When I was in college, the book The Gypsies, by Jan Yoors, a Belgian teenager who went to live with a family horse trading family, was very popular. I suppose that started my interest, which was furthered when I ended up living close to Forest Home Cemetery, outside Chicago. It has a section described as “gypsy graves,” generally very elaborate and often decorated with recent offerings. Here’s one photo I took where there was an offering of coffee instead of the more customary strong drink. To my delight, you can see that it drew a comment from a granddaughter, confirming that they were a non-drinking family.

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  5. Deborah said on May 21, 2021 at 4:18 pm

    Well it was too good to be true, the guy I hired the other day to work on extricating the vine from the chain link fence was supposed to come back this morning at nine but he didn’t show up. So LB and I started doing it ourselves again. This time we borrowed a sharp hatchet from the guy upstairs, that worked so much better we went to the hardware store and bought another sharp hatchet so we could both work more efficiently. We also got another saw, this one is short and pointed works much better getting in between the chain link areas. Some of the vine pieces we are trying to get off of the fence are as big around as my thigh, also very woody. It’s been quite a procedure. I will be so happy when this project is done. It was so nice when that area was all green and shady, why didn’t that landscaping (butchering) crew just leave well enough alone.

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  6. alex said on May 21, 2021 at 5:10 pm

    So the word “gypsy” was coined in the mistaken belief that the Romany hailed from Egypt, but today it’s well established that India was their place of origin.

    If you’ve never seen Latcho Drom, it’s an art film/documentary from the 1990s that captures the music and dress and folkways of various Romany all over Europe. Amazing how some things remain constant and some evolve. I remember enjoying it. Here’s a trailer:

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  7. Nancy F said on May 21, 2021 at 9:56 pm

    There was a short-lived dramatic series on American TV about Irish Travellers: “The Riches.” It starred Minnie Driver and Eddie Izzard as the titular con artists, and in my memory they and the show were terrific. Canceled after two seasons, alas, but it’s available now on Hulu.

    And as Alex says, “Latcho Drom” is also worth seeking out.

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  8. Sherri said on May 21, 2021 at 10:41 pm

    As we’ve watched people apparently fall into the deep end of MAGAdom, the question is, is this who they always were, and if not, what happened to them?

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  9. A. Riley said on May 21, 2021 at 11:23 pm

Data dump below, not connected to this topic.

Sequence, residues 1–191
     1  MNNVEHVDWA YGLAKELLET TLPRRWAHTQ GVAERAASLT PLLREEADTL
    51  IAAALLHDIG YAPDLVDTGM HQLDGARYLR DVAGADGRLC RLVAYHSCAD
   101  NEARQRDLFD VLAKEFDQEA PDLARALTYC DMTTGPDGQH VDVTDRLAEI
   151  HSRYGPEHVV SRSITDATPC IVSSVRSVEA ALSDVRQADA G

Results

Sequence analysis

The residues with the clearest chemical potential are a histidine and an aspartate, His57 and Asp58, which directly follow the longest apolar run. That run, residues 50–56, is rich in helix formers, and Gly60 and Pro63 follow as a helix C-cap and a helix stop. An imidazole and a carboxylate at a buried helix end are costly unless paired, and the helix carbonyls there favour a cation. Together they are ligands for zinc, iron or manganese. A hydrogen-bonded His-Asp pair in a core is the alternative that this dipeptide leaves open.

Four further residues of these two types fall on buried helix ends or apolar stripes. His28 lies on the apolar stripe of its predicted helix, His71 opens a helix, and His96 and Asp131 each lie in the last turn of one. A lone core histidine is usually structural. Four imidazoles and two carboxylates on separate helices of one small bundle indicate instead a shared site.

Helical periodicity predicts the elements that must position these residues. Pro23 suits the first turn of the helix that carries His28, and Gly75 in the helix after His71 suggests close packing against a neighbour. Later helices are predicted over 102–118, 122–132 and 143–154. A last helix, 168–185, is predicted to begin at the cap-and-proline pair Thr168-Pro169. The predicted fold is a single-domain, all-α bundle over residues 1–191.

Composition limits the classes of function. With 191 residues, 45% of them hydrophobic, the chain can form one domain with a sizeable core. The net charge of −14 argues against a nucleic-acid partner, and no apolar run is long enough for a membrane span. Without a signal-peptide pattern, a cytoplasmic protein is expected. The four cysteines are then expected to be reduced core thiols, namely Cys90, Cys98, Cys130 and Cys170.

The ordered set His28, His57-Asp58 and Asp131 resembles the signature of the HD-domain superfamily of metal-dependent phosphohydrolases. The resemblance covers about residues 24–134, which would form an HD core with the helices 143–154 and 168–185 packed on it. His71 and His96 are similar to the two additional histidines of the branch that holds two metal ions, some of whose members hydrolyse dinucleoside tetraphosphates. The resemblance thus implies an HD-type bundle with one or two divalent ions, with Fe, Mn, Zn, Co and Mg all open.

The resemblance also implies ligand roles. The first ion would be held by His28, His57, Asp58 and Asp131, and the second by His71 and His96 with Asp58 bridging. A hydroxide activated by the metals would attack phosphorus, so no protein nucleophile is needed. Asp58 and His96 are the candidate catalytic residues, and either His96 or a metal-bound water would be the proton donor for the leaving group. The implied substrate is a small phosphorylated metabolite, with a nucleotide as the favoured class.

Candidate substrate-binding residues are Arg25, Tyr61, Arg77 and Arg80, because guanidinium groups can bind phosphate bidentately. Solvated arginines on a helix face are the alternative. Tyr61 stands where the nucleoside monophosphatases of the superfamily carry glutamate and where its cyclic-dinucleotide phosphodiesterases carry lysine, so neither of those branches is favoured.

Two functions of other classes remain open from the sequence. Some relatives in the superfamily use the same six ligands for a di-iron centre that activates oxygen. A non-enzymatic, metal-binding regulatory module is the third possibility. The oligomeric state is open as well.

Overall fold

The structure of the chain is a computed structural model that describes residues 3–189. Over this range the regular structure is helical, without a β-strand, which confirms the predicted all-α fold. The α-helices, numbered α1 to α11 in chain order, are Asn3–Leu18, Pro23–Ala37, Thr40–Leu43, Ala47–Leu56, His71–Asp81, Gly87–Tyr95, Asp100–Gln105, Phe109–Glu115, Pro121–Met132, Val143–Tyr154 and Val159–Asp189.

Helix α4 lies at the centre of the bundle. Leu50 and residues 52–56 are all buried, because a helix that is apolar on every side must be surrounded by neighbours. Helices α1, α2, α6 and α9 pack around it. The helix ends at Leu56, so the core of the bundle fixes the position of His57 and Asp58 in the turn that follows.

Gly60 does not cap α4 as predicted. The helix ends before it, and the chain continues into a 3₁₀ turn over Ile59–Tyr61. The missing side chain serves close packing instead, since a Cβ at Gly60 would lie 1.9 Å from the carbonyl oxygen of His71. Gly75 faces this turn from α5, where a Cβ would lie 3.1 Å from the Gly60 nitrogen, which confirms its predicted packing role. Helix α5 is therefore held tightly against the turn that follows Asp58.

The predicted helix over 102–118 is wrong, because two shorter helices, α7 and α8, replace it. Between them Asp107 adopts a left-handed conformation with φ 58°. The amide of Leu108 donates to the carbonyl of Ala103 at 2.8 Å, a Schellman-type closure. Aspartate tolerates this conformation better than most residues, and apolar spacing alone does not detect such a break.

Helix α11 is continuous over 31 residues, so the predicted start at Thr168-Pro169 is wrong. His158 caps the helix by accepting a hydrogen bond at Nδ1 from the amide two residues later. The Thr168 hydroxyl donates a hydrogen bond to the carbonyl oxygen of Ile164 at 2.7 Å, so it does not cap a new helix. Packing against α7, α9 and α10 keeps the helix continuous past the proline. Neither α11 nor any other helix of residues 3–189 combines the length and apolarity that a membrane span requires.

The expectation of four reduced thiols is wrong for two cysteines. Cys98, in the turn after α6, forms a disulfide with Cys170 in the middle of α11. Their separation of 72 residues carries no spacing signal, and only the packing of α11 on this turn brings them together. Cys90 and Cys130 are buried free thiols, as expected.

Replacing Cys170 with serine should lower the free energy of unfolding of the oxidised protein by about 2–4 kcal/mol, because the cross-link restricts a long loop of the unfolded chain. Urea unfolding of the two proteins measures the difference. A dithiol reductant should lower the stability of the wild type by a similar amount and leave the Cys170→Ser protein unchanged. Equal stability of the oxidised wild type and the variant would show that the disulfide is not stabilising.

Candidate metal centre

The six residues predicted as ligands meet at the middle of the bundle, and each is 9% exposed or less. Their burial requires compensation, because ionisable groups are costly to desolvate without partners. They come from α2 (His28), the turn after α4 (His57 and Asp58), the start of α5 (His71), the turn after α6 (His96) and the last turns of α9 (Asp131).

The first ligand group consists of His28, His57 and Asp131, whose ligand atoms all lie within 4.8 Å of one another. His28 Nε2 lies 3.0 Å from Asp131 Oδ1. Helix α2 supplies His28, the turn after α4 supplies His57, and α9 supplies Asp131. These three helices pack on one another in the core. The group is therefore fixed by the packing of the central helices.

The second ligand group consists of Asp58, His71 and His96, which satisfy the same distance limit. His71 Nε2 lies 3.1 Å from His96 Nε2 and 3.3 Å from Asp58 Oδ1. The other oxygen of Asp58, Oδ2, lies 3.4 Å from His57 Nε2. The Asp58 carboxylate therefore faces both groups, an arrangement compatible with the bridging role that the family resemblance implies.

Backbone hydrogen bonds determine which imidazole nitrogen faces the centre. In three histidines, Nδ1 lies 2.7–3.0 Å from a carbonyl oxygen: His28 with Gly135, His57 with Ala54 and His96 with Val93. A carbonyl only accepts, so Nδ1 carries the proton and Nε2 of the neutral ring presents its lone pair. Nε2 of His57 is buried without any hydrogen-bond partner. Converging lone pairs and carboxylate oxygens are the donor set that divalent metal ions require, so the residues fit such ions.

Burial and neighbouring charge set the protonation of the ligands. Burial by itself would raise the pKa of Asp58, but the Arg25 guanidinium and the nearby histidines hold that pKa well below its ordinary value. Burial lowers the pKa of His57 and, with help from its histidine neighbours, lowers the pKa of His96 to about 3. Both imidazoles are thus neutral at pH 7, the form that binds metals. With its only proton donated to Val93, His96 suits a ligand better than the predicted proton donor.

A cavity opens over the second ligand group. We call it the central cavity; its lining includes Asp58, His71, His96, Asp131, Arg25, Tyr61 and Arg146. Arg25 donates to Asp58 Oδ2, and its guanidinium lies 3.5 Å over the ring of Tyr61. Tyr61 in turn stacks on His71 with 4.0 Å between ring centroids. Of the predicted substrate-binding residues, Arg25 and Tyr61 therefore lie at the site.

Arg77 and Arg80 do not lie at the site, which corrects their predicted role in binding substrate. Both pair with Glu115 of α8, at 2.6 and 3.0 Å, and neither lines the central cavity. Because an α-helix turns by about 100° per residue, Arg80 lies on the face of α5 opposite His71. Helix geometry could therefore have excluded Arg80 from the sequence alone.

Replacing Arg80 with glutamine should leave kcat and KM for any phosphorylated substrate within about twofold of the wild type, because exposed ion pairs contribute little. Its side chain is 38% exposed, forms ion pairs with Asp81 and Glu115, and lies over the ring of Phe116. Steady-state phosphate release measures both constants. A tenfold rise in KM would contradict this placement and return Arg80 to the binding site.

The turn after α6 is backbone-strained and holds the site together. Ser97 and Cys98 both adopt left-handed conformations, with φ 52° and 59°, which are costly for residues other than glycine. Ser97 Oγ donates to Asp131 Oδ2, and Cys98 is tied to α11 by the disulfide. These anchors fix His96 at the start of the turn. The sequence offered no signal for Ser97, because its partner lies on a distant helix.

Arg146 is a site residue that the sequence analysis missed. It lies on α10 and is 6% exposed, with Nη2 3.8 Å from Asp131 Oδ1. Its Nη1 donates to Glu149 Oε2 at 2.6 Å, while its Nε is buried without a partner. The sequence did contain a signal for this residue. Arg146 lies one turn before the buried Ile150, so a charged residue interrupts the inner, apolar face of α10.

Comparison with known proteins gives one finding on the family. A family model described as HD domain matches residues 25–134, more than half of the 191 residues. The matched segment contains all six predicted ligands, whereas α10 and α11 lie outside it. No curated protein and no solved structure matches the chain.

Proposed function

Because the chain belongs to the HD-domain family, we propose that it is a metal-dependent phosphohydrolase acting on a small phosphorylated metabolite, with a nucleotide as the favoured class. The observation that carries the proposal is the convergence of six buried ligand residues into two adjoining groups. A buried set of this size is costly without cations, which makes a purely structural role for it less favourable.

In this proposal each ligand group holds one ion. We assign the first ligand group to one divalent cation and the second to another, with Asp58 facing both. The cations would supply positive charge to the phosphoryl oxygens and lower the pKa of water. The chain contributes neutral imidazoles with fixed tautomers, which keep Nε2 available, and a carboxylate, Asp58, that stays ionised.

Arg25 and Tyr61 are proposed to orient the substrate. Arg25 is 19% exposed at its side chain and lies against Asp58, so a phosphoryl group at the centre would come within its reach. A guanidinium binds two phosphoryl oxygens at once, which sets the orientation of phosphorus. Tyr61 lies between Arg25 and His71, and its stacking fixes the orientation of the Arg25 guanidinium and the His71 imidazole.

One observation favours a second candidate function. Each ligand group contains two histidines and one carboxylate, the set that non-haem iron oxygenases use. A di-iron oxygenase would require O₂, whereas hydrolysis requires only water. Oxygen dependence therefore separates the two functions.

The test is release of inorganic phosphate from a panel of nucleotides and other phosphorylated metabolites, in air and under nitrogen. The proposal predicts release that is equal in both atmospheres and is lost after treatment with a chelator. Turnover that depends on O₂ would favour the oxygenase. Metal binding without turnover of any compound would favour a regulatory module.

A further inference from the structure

A thousand years ago I was an ad-taker for the Chicago Sun-Times classifieds (temember classified ads? money rolling in the door). Anyway. We used to get these guys placing small used-car ads. They were always pleasant and businesslike, always spoke midwestern-standard English, always gave an unmemorable average-white-American name like Gary Smith or something like that for billing, always gave an unmemorable Chicago address for billing. And there was always the sound of a bunch of little kids playing in the background. And they never paid. Billing phone number was fake, billing address was fake. My colleagues said these guys were gypsies, or Romany or Travellers. The cultural-historical trade in horses had evolved to cars. (Google “gypsy vanner horse” sometime. Oooh, pretty.)

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  10. alex said on May 22, 2021 at 8:31 am

    There’s a common misapprehension that gypsy = Hungarian, and I suspect this may be the result of American marketing of things Hungarian as “gypsy.” A case in point is an American record album of Hungarian folk music that my grandmother owned. The artists were billed as a “gypsy king” with a “gypsy band.”


    There was a traveller story in Fort Wayne that made the news back in the day when Nancy still lived here and she may recall it. In fact, I think she may have even written about it in the newspaper and mentioned it here at some point. Anyway, short story: A woman in the Wildwood Park subdivision hired some Irish travelers to paint her house. They did an execrable job. She demanded they make it right before receiving payment. They, in turn, painted swastikas and anti-semitic epithets all over the front of her house and turned it into a media spectacle and were arrested.

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  11. Deborah said on May 22, 2021 at 8:48 am

    I had to look up “execrable”.

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  12. Deborah said on May 22, 2021 at 8:46 pm